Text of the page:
Why are there two kinds of Universal Windows apps, one for Windows 8 and another for Windows 10?
If you create a new Windows app (as opposed to a Win32 program), you have a few choices. One set of choices is under the Windows Universal node, which lets you create a variety of programs described as Universal Windows. Another set of choices is under the Store Apps, Windows Apps node, which lets you create a variety of programs described as Universal Apps.
Why are there two kinds of Universal apps, and what’s the difference, and which one should I be creating?
Confusingly, there has been more than one type of project with the name “universal”.
Windows 8 universal projects consist of three sub-projects: One for desktop-specific code, one for phone-specific code, and one for common code. The idea was that you put most of your app in the “common” project, with a small amount of code in the desktop-specific and phone-specific projects. When you built the solution, you got two packages, one for Windows 8 desktop and one for Windows 8 phone. It was universal in the sense that you wrote the code only once, but it still produced two packages that had to be submitted separately. The project is universal but the packages aren’t.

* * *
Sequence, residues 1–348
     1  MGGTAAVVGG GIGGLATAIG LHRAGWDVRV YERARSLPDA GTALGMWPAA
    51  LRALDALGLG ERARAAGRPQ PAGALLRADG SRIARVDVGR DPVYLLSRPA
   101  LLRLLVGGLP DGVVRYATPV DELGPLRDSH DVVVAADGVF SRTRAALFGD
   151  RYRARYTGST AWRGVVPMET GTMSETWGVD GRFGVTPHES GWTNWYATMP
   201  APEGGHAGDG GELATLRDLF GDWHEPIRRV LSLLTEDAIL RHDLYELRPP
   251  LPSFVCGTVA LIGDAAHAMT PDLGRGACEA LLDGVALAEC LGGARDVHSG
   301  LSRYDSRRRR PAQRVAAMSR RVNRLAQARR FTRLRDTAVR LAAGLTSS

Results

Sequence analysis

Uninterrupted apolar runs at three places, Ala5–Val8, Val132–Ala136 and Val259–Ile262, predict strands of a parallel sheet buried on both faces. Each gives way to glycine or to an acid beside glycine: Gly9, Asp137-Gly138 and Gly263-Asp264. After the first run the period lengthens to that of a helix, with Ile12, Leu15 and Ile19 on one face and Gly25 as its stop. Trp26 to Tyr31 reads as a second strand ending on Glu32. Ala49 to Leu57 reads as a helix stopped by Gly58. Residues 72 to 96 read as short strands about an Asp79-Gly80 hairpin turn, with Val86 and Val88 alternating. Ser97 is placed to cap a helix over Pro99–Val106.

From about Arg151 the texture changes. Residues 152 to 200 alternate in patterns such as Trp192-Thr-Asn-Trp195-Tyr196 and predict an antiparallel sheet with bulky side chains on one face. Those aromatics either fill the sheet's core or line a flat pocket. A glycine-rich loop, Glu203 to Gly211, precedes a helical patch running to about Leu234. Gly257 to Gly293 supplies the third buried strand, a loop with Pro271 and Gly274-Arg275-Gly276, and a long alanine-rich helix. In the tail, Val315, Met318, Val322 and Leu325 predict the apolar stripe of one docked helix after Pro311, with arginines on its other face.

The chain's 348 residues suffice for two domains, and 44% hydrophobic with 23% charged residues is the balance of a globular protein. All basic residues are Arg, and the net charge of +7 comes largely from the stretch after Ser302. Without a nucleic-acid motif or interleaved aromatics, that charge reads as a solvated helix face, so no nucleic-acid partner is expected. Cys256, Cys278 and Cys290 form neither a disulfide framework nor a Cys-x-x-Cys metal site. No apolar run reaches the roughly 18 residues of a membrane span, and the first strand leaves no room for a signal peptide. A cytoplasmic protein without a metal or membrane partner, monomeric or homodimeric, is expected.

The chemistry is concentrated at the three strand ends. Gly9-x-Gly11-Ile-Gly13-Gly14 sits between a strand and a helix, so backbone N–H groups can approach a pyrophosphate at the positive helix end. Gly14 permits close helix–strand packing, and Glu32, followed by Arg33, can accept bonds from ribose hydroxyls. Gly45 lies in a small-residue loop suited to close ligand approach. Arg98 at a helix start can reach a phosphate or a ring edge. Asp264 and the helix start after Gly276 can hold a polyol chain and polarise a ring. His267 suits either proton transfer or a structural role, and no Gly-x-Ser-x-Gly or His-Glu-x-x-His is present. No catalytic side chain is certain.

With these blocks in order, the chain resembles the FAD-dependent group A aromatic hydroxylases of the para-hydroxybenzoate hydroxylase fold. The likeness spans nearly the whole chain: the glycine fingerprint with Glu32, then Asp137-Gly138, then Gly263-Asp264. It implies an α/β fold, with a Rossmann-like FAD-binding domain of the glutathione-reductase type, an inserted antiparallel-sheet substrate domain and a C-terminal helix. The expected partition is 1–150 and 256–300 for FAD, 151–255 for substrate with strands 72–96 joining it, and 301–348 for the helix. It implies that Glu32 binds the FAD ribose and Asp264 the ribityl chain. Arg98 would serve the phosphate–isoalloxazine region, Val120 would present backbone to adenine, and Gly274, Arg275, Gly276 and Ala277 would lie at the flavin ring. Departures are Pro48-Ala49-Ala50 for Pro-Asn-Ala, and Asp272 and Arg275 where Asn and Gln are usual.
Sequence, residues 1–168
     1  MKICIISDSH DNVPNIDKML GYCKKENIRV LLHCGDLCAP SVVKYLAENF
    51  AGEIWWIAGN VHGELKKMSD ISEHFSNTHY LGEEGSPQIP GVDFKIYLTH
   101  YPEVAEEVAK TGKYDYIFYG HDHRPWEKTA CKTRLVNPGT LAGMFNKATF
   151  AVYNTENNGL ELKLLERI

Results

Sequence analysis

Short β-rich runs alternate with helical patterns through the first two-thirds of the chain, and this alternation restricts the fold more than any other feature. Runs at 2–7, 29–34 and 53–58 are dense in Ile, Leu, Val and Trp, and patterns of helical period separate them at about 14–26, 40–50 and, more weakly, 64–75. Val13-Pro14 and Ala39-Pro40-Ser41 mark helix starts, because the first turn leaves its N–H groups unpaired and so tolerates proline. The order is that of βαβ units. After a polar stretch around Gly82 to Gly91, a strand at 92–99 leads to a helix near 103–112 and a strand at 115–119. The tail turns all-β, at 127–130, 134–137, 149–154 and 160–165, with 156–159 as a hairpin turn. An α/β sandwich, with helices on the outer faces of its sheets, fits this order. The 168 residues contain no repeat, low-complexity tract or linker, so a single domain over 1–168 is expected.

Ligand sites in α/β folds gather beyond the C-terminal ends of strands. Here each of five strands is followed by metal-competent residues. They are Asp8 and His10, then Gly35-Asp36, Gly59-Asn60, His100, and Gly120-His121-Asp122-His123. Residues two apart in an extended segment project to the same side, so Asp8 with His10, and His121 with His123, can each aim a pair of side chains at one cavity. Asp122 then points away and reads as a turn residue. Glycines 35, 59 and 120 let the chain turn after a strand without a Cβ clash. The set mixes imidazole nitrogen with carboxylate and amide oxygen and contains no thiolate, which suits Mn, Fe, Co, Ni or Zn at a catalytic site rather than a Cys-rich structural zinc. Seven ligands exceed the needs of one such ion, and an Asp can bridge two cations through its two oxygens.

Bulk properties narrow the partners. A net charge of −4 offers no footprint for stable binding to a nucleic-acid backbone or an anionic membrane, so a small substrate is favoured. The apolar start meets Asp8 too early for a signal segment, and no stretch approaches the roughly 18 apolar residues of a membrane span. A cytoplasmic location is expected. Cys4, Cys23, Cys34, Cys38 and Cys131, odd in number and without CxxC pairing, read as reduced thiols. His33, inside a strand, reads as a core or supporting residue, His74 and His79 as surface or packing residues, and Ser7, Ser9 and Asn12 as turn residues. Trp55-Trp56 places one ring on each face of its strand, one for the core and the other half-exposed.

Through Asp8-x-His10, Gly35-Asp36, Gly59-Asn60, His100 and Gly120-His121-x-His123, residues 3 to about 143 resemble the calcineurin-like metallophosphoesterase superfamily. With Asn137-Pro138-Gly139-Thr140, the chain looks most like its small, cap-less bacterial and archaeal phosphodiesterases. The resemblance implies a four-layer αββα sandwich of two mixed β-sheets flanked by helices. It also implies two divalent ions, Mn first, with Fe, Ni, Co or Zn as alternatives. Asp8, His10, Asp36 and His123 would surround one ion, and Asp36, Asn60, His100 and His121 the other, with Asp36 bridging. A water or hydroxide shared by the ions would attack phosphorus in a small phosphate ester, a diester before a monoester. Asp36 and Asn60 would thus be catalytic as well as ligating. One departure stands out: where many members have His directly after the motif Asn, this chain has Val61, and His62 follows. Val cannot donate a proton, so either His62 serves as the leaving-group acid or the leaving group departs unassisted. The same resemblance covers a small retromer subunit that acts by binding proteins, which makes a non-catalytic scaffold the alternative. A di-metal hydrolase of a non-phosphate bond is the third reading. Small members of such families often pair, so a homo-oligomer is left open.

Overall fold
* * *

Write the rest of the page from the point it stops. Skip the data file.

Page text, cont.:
Windows 10 universal projects are a single project that produce a single package that runs on both Windows 10 desktop and Windows 10 phone (and any other Windows 10 platforms). Both the project and package are universal.
If you ask for the Windows universal project template, you get a Windows 10 style universal project, which is almost certainly the one you want. If you ask for the Windows 8 universal project template, you get a Windows 8 style universal project, which is not as interesting nowadays.
The Windows 8 folks may have been a bit too ambitious calling their projects “universal”, since they weren’t actually creating projects that ran on all Windows systems. I mean, it was certainly better than what we had before, so it was “more universal”, you might say. But with that name they painted themselves into a corner, because when the Windows 10 Universal app model came on the scene, you had a program that ran on all Windows 10 systems, and you would want to call these things “Universal Apps”, except the name was already taken by that other thing that wasn’t as universal as the new thing.